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Journal of No. 118


February 11th, 2011

The kind of thinks I think late at night @ 09:50 am


Lemuria is named after lemurs, which are named after lemures.

So an imaginary continent is ultimately named for imaginary entities. I find this tidy and proper.
 
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From:incarnate
Date:February 11th, 2011 04:12 pm (UTC)
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I imagine that geological theory in the late 1800's must have led to some terrifying thoughts on the stability of the planet. Without continental drift, a map that was constantly dropping some continents into the ocean and raising others up, seemingly without warning must have been more than a little disturbing. It certainly helps explain certain aspects of "Call of Cthulhu" and "Dagon" that with modern plate tectonics seem more far fetched.
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From:essentialsaltes
Date:February 11th, 2011 04:38 pm (UTC)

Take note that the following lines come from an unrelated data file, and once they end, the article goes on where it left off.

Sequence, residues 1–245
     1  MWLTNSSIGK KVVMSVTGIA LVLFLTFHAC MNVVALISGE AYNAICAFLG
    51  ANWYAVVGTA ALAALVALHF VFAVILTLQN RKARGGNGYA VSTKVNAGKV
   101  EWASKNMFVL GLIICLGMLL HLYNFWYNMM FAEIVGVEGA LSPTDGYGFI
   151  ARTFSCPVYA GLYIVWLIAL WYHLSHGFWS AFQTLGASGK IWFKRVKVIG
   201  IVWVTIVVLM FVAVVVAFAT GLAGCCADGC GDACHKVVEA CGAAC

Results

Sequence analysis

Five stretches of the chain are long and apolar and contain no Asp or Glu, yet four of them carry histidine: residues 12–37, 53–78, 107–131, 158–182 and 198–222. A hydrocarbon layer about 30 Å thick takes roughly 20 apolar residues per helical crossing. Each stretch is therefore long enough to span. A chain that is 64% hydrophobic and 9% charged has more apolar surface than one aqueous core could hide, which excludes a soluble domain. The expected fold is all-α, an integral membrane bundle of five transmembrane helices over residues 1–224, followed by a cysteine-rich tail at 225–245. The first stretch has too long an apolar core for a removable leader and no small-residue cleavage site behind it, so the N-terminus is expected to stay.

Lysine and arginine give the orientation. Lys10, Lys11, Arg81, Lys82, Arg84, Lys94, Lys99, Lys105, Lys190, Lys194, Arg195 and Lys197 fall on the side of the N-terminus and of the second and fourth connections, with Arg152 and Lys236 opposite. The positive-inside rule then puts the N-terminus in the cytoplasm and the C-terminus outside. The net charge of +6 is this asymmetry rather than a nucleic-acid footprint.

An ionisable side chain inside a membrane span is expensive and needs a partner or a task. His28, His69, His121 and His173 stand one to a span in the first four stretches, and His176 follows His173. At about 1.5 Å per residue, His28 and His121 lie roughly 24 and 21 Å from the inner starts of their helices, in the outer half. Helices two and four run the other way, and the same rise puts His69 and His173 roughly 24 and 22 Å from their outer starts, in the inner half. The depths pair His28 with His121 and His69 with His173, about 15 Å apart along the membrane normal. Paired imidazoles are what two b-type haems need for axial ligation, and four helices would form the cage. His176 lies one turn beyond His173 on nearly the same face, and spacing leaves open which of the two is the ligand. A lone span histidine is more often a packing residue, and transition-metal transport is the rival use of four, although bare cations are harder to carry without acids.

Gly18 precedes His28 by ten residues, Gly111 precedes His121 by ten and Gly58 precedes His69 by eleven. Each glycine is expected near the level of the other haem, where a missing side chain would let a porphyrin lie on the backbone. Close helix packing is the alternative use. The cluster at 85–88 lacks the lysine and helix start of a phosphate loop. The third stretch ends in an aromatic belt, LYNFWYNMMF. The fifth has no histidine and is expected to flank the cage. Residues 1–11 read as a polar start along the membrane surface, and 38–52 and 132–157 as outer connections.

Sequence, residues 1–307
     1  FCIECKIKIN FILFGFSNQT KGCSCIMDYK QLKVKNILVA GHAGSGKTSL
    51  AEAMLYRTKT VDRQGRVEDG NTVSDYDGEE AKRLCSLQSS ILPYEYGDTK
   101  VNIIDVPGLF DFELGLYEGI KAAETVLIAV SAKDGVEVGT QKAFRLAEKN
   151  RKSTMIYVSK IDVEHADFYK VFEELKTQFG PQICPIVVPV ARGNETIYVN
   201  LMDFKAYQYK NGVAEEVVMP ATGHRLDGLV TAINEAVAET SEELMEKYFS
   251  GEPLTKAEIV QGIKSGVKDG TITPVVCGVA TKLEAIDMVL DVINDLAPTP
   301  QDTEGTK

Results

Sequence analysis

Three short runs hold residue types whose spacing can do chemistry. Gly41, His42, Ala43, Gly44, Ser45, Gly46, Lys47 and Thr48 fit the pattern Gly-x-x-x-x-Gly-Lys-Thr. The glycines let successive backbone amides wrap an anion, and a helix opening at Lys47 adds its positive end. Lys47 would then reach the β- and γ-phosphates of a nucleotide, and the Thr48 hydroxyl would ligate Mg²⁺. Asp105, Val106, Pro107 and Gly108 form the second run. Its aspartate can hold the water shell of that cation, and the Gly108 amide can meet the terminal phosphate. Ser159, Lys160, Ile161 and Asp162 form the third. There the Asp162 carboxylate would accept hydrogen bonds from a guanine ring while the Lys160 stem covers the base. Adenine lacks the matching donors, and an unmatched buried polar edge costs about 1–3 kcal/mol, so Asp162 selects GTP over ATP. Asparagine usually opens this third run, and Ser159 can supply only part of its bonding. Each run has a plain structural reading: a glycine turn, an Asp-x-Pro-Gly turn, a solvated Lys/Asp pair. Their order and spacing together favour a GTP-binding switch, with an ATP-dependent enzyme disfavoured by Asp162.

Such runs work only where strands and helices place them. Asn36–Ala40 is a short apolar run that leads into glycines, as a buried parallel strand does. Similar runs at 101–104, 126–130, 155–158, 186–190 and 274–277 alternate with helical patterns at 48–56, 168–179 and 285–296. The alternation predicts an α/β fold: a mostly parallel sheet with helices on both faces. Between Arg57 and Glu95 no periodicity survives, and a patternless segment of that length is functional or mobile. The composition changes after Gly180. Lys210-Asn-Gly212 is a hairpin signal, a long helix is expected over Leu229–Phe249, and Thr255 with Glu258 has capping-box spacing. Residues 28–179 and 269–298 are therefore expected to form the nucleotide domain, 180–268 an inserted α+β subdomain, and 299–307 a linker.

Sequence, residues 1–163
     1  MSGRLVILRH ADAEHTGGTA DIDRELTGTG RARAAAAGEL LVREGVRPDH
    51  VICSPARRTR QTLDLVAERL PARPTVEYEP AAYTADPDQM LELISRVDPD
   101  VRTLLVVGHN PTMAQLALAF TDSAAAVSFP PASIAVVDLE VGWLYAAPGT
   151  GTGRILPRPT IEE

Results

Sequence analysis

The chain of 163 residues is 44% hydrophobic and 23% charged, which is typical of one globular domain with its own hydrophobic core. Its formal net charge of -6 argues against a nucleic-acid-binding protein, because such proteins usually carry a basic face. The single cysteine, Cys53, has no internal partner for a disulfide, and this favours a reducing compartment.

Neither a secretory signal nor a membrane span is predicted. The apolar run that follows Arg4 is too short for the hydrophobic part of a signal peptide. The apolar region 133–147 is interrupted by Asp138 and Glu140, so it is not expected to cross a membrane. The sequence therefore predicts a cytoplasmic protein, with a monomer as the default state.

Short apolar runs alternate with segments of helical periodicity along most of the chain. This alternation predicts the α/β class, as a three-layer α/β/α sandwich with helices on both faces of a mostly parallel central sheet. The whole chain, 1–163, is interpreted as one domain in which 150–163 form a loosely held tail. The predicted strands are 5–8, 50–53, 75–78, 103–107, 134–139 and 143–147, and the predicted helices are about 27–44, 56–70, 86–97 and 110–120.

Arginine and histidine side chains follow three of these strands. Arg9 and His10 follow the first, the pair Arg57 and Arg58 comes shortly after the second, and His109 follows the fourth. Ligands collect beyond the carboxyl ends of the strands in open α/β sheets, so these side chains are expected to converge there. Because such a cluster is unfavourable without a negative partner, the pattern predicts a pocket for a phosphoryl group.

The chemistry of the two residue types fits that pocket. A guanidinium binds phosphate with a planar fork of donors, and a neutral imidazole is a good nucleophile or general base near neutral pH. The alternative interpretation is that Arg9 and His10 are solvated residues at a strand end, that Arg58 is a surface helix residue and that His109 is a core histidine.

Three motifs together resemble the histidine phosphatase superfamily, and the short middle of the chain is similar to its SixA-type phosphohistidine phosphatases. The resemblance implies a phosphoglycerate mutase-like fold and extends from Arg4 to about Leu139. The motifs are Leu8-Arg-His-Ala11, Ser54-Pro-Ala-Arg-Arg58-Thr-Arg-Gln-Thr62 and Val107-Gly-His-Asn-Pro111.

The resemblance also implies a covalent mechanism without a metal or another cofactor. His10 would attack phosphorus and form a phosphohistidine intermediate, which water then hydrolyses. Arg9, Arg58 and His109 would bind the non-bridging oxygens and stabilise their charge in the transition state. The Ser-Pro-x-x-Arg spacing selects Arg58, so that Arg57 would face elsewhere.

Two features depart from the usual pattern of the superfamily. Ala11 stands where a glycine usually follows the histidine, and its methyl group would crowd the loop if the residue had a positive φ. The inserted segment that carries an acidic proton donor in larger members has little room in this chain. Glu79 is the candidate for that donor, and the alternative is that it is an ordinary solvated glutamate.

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In At the Mountains of Madness (a much later story), HPL drops in a positive reference to continental drift, though it was still highly controversial even at that time (though the controversy and 'craziness' of the idea probably made it that much more attractive to drop into a weird tale):

"Later maps, which display the land mass as cracking and drifting, and sending certain detached parts northward, uphold in a striking way the theories of continental drift lately advanced by Taylor, Wegener, and Joly."
"As I have said, the hypothesis of Taylor, Wegener, and Joly that all the continents are fragments of an original antarctic land mass which cracked from centrifugal force and drifted apart over a technically viscous lower surface - an hypothesis suggested by such things as the complementary outlines of Africa and South America, and the way the great mountain chains are rolled and shoved up - receives striking support from this uncanny source."

Journal of No. 118